Ohanessian was piano prodigy of Iraq, world
- Article by: BEN COHEN
- Star Tribune
- August 2, 2008 - 7:24 PM
Beatrice Ohanessian of Edina, the premier classical pianist in Iraq for decades who later taught piano at Twin Cities colleges, died of cancer on July 17 in Bloomington.
She was 81.
Ohanessian became a star pupil at the Institute of Fine Arts in Baghdad, beginning in the late 1930s. By the age of 12, she was performing weekly on Iraq's national radio station.
During the 1940s, she earned degrees at the Royal Academy of Music in London, and at the Juilliard School in New York, making her debut at the old Carnegie Recital Hall in New York.
"My dream was just to go on and on, however much I could do in piano," she told Minnesota Public Radio in January 2004.
In the 1960s, she played concerts in European capitals.
She first visited the Twin Cities in the 1950s, not long after her brother, Ashram Ohanessian, a Minneapolis businessman, had immigrated to Minnesota.
In 1959, she performed at the Lake Harriet Bandshell, eventually moving to Minneapolis in 1969, and staying until 1972, teaching piano at the University of Minnesota and Macalester College in St. Paul.
She next lived in Switzerland for a few years, playing concerts and teaching, but family drew her back to Iraq.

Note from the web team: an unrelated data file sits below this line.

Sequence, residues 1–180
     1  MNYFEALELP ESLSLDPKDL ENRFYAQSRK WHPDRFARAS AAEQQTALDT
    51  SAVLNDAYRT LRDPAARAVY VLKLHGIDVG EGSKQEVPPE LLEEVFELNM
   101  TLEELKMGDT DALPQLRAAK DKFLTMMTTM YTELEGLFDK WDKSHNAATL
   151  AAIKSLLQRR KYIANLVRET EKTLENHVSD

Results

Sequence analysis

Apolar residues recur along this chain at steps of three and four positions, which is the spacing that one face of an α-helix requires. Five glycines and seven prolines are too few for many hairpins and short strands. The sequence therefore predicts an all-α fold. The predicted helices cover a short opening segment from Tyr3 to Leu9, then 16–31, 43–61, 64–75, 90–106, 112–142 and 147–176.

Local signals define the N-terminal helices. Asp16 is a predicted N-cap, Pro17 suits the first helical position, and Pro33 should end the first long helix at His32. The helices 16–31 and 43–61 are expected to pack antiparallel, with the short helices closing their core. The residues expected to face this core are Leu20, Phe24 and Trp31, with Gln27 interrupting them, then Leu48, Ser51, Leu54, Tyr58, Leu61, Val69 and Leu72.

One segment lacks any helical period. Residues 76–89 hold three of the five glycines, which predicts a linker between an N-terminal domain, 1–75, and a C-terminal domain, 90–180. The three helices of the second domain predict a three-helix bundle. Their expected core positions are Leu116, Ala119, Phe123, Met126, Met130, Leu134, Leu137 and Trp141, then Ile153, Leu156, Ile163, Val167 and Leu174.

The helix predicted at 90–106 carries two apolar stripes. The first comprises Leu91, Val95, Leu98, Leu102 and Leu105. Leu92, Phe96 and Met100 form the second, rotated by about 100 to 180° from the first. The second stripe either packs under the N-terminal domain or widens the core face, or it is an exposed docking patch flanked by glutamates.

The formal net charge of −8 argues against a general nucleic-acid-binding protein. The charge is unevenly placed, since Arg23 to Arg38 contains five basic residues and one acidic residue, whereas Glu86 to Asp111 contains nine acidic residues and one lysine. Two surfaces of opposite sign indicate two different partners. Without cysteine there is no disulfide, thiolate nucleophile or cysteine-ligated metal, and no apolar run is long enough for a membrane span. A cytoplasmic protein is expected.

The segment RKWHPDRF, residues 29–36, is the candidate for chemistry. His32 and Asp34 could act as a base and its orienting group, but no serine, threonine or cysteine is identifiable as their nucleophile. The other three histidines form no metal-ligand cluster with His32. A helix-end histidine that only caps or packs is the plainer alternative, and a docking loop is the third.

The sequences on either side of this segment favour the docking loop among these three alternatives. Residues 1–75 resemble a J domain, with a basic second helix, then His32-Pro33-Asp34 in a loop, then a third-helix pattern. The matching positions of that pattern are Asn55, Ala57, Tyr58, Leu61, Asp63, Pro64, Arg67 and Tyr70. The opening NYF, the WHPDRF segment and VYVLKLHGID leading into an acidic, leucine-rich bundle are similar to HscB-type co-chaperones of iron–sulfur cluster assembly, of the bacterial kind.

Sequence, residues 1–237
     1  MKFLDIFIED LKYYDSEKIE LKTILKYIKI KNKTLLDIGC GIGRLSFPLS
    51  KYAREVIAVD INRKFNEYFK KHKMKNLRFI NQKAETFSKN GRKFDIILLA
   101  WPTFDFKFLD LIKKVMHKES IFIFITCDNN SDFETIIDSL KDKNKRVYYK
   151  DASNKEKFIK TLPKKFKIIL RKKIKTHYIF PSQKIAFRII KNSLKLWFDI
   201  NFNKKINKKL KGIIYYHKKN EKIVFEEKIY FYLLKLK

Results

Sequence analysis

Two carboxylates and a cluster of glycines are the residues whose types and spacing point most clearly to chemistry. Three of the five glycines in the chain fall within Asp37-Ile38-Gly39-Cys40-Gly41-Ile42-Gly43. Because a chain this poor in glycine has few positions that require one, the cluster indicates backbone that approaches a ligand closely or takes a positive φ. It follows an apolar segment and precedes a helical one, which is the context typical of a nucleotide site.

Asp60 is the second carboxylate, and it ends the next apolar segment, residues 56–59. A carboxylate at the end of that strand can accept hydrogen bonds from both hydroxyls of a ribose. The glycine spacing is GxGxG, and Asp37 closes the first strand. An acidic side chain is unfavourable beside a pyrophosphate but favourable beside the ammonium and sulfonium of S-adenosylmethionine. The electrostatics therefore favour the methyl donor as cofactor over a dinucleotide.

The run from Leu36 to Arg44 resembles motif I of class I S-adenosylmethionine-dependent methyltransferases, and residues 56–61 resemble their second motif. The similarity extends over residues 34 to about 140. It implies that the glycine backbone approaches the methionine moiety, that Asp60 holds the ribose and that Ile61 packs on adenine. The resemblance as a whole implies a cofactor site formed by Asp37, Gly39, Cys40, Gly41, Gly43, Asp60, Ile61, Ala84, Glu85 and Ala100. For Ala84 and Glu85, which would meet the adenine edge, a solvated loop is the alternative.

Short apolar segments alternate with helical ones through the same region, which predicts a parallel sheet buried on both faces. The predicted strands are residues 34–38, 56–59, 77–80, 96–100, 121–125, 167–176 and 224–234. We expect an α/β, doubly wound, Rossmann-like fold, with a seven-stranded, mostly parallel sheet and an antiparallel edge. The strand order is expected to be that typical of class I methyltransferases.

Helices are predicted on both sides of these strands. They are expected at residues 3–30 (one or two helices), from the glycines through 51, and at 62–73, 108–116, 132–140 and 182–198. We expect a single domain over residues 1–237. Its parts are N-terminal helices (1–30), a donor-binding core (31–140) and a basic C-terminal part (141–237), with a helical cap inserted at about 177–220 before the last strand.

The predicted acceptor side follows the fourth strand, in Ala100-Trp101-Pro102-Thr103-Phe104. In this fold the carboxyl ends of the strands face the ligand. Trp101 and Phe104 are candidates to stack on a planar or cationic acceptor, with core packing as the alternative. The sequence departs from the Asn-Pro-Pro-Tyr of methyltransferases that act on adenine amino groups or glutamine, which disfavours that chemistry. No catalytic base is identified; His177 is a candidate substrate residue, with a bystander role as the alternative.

She moved permanently to the Twin Cities in 1994, again teaching at the two colleges, plus the University of St. Thomas in St. Paul.
"She was a very fine human being and a fine musician," said Donald Betts of Afton, retired chairman of Macalester's music and piano departments. "She did an incredible job of teaching."
Betts recalled a recital she played at Macalester in the late 1970s, performing a sonata by an Armenian composer, and another by Chopin.
"She had a romantic style, and she was tuned into Armenian composers" and other Romantic composers, said Betts. "She played quite beautifully."
Holly Windle of Minneapolis, former education director of the Schubert Club in St. Paul, said, "She was torn" between the wider world, where Western classical music was prevalent, and her native Iraq, where her parents lived.
"She loved all kinds of music," said Windle, who is writing a book about Ohanessian's life, produced by the Schubert Club. She was a "sponge for music."
After she came to the attention of Saddam Hussein, Iraqi officials asked what reward she would like.
"How about a better piano?" she responded.
During the bombing of Iraq during the Persian Gulf War in 1991, she played piano while another hid beneath it.
"She said: 'There's no point in just cowering. Let's have some music,' " Windle said.
In 2004, she recalled that she and her friends had heard a few things about Saddam Hussein's regime, but didn't know all that he did to prisoners.
"We'd say it's best to just continue in our work and not meddle in politics," she said.
Because of her status as a musical ambassador for the nation, she easily could travel, coming to the United States in 1994.
She became a U.S. citizen in 2002.
She performed at the Schubert Club, University of St. Thomas in St. Paul, and at her church, St. Sahag Armenian Church in St. Paul, where she was the choir director.
Her brother Arsham died in 2005.
She is survived by her sister, Sita of the Twin Cities.
Services have been held.
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